Long-stay versus short-stay hospital treatment of children suffering from severe protein-energy malnutrition

Eur J Clin Nutr. 1994 Dec;48(12):873-82.


Objective: To contrast early discharge versus attempted full nutritional rehabilitation in hospital of children suffering from severe protein-energy malnutrition (PEM).

Design: Field experiment, two-way analysis of variance with one between group (short- versus long-stay) and one repeated measures factor (admission, then 12, 18, 24, 30 and 36 months post-admission). Covariates introduced.

Setting: Primary health care, Kingston, Jamaica.

Subjects: n = 81; mean age 11 months; 79 contribute longitudinal data; 44 every measurement.

Interventions: When concurrent illnesses had been treated and normal feeding re-established (weight gain 5 g/kg.day-1), subjects were randomly allocated to short-stay (SS) or long-stay (LS) group. LS retained in hospital for full nutritional rehabilitation mean 40 days). SS discharged immediately (mean 18 days) for standard Health Service care at home for 6 months plus high-energy supplement (3.31 MJ with 20.6 g protein daily) for first 3 months. After discharge LS received 6 months home care, but without supplementation.

Results: Significant advantages for LS group on NCHS weight & length for age at discharge, and at 12, 18, 24 and for length also 30 months (P < 0.05 to P < 0.001). Weight advantage peaked at 12 and 18 months, length later at 18 and 24 months.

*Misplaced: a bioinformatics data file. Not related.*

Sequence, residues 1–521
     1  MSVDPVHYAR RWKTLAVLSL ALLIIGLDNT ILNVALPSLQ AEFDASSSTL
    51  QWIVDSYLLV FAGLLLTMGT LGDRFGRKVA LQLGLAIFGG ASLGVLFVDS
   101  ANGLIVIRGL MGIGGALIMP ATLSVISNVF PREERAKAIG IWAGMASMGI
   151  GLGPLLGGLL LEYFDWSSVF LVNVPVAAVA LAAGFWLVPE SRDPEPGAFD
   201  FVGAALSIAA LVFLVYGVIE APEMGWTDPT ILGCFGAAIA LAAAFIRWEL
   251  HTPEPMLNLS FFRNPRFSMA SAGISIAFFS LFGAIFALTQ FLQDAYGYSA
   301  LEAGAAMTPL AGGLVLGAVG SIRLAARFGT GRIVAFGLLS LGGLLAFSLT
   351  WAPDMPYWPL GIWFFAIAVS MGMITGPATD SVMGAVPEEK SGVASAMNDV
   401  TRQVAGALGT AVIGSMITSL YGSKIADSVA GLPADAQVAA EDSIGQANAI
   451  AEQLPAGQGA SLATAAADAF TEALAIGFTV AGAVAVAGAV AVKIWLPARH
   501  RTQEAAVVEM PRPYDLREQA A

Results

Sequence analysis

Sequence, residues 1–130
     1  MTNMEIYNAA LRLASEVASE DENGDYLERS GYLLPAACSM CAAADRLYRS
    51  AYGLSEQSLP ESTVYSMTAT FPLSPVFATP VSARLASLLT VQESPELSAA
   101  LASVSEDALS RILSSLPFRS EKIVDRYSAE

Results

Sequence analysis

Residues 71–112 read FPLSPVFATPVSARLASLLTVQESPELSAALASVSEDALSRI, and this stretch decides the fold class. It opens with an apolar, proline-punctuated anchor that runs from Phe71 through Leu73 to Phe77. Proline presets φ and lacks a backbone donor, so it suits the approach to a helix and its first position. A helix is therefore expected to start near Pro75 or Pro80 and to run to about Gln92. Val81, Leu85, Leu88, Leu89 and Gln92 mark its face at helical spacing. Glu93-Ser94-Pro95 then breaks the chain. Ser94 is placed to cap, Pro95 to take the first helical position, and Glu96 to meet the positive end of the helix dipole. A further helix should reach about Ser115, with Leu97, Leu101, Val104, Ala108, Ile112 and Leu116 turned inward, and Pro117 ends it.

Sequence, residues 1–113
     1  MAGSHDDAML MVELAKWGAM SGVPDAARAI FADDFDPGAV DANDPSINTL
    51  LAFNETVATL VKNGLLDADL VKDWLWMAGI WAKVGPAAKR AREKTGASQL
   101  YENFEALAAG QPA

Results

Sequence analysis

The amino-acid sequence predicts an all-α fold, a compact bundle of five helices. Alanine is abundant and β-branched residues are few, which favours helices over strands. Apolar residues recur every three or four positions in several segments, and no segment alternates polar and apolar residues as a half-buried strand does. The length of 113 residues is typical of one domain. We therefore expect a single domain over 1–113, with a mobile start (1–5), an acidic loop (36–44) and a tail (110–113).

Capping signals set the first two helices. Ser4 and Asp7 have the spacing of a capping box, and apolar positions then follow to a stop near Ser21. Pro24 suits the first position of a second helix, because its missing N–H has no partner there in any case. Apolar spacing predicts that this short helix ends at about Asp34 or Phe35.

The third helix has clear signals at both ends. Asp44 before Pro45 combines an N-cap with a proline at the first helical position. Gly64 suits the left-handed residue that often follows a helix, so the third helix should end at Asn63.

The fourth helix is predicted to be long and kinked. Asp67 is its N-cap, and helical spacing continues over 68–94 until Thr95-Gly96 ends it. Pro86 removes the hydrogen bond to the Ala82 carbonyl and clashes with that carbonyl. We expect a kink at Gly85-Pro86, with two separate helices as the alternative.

Conclusions: Contrary to earlier reports, full nutritional rehabilitation can be achieved in hospital for children suffering from PEM. Although in the long-term both groups move towards expected levels in their home community, a significant advantage maintained for approximately 2 years is developmentally advantageous during the critical time after weaning.

Publication types

  • Clinical Trial
  • Comparative Study
  • Randomized Controlled Trial
  • Research Support, Non-U.S. Gov't

MeSH terms

  • Analysis of Variance
  • Body Height
  • Body Weight
  • Child Nutrition Disorders / diagnosis
  • Child Nutrition Disorders / rehabilitation*
  • Cross-Sectional Studies
  • Follow-Up Studies
  • Humans
  • Infant
  • Length of Stay*
  • Nutrition Surveys
  • Protein-Energy Malnutrition / diagnosis
  • Protein-Energy Malnutrition / rehabilitation*